Showing posts from December, 2010
Earlier this month was the second WebGL Camp in Silicon Valley. Organized by Henrik Bennetsen (CEO of Katalabs ) and Christian Greuel (Manager of SRI Geovisualization Center), the camp is a developer focused event that aims to bring together the people who are writing the WebGL spec with those who build projects on it for some show and tell. WebGL is based on OpenGL ES 2.0 and provides a programmatic interface for 3D graphics. It provides a 3D graphics API implemented in a web browser without the use of plug-ins. It uses the HTML5 canvas element and is accessed using Document Object Model interfaces. The specification is currently a work in progress and is managed by the non-profit Khronos Group. The event was a who's who from the WebGL community. The presentation list: Gavriel State and Daniel Koch from TransGaming provided a high level introduction to the ANGLE Project . ANGLE provides OpenGL ES 2.0 compatible API's on top of Microsoft's Direct3D. Presen
- Other Apps
I recently wrote a post on Google's Body Browser that I saw at WebGL Camp#2 this past week. Since that post, the web has exploded with news about this application and web traffic to the blog and video (almost 10,000 views in less than 48 hours) have skyrocketed. Here is the video I took from WebGL camp where it was presented. To experience the application for yourself, get anyone of these three browsers Chrome 9 Beta , Chrome Canary Build and Firefox 4 beta (WebGL is enabled by default) and then got to the Body Browser site . As I have covered in previous blogs, WebGL is a cross-platform low-level 3D graphics API that is designed to bring plugin-free 3D to the web. It uses the HTML5 Canvas element and does not require Flash, Java or other graphical plugins to run. A visit to the Google Health and WebGL team are in the near future for me. Check out the blog I guest write for to get my initial thoughts on this application.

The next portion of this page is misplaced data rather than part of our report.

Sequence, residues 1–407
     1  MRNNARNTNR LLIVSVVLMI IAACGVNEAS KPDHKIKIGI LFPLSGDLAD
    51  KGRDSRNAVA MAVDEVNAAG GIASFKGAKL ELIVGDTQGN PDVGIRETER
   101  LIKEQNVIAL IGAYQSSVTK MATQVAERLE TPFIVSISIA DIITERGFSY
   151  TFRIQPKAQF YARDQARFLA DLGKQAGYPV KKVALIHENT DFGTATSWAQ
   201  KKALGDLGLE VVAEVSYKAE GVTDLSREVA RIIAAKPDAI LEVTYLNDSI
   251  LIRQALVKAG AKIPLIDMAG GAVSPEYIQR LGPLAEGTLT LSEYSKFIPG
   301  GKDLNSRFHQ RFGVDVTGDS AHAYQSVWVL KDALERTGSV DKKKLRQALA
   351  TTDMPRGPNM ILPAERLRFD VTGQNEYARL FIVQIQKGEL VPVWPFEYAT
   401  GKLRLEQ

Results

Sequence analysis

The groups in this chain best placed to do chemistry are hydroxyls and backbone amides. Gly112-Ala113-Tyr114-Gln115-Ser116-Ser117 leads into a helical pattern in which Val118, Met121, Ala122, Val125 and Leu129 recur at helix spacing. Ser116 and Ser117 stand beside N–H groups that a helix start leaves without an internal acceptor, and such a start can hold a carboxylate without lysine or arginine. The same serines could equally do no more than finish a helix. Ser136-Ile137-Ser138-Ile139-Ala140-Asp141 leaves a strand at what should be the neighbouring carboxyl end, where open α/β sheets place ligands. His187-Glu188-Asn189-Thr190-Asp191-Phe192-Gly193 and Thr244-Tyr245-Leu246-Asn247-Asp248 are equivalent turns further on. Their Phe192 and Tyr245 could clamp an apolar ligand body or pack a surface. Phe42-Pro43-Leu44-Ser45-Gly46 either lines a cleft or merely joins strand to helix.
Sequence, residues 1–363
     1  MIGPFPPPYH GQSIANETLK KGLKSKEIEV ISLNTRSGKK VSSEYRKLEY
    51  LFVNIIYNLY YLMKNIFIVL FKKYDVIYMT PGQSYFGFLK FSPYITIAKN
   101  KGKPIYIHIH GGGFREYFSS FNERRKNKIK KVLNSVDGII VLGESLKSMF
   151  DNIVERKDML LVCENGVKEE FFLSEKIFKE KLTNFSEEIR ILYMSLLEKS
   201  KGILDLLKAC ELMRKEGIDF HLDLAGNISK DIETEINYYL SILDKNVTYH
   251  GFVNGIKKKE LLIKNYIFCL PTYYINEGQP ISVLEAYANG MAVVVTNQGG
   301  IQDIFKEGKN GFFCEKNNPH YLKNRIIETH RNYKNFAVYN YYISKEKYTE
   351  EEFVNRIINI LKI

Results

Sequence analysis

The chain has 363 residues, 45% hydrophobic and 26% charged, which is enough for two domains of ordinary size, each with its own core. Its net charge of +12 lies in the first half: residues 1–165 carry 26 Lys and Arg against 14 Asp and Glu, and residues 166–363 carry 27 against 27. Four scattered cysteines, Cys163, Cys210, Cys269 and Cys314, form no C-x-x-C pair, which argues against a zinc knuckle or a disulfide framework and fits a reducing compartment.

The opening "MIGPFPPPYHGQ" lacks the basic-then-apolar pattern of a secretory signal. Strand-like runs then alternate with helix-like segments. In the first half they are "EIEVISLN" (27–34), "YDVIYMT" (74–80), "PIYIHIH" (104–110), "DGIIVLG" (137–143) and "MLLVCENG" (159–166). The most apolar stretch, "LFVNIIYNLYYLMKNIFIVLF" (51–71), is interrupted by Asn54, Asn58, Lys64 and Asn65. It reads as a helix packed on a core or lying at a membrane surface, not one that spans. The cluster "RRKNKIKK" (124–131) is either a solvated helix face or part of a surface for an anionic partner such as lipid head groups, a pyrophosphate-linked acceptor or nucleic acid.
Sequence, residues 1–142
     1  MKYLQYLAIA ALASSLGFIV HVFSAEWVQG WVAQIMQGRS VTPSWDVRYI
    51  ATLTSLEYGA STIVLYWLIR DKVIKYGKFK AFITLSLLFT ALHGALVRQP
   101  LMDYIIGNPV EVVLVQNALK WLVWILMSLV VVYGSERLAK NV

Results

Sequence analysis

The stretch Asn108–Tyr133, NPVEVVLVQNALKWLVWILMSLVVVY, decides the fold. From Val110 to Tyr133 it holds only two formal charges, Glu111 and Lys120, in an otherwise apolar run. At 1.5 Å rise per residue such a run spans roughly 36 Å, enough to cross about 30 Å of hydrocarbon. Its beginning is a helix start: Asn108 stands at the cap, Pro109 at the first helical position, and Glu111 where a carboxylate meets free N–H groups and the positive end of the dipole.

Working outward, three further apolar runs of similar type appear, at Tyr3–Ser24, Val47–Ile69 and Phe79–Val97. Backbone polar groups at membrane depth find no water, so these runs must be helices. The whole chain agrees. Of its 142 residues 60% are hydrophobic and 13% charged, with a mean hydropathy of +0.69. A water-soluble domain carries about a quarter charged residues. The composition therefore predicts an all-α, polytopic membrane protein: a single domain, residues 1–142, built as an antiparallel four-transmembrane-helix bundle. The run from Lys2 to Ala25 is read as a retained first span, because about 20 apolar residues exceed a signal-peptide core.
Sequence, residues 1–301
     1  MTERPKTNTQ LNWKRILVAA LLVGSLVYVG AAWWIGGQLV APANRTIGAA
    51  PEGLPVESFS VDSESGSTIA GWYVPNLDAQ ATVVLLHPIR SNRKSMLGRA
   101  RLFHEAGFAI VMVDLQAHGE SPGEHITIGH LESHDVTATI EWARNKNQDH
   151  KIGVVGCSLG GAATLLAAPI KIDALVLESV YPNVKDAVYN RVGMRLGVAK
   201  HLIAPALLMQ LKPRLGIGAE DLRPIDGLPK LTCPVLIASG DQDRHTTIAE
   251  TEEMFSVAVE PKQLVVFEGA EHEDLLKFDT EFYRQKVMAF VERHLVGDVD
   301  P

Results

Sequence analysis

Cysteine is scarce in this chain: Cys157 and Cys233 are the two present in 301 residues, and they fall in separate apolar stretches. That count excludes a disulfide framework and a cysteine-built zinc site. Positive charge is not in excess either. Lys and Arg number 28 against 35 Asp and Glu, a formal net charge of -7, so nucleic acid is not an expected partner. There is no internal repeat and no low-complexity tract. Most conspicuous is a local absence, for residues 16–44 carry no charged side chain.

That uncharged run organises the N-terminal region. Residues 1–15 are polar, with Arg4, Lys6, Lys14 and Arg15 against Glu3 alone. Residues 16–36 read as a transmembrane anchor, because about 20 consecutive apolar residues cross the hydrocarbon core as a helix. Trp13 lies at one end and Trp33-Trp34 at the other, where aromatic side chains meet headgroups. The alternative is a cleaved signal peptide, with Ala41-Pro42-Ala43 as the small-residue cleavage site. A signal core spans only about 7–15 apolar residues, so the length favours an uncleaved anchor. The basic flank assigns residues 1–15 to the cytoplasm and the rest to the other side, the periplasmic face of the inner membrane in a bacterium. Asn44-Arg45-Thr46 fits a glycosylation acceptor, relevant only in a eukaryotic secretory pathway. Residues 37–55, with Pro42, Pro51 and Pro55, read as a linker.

- Other Apps
On December 4, 2010 at the GAFFTA space in San Francisco, the second Bay Area Augmented Reality Developer Camp took place. Sponsored by Layar, Metaio, Qualcomm, and Makerlab, the event brought together AR professionals from as far east as New York and south as San Diego. Presentation sessions covered a range of AR related topics. These include: Brian Blau has an excellent write-up here on his session that covered future (2011-2014) AR applications. This presentation by Christine Perey reported on the work being done by the international community in regards to standards for augmented reality. Due to technical difficulties on the SF side, Christine wasn't able to present. I feel the attendees really missed out as what she had to share really is the reason Mike, Gene, and I decided to push the idea of an AR Dev Camp to begin with. It supports the belief that, " AR must be fundamentally open, interoperable, extensible, and accessible to all". Metaio writes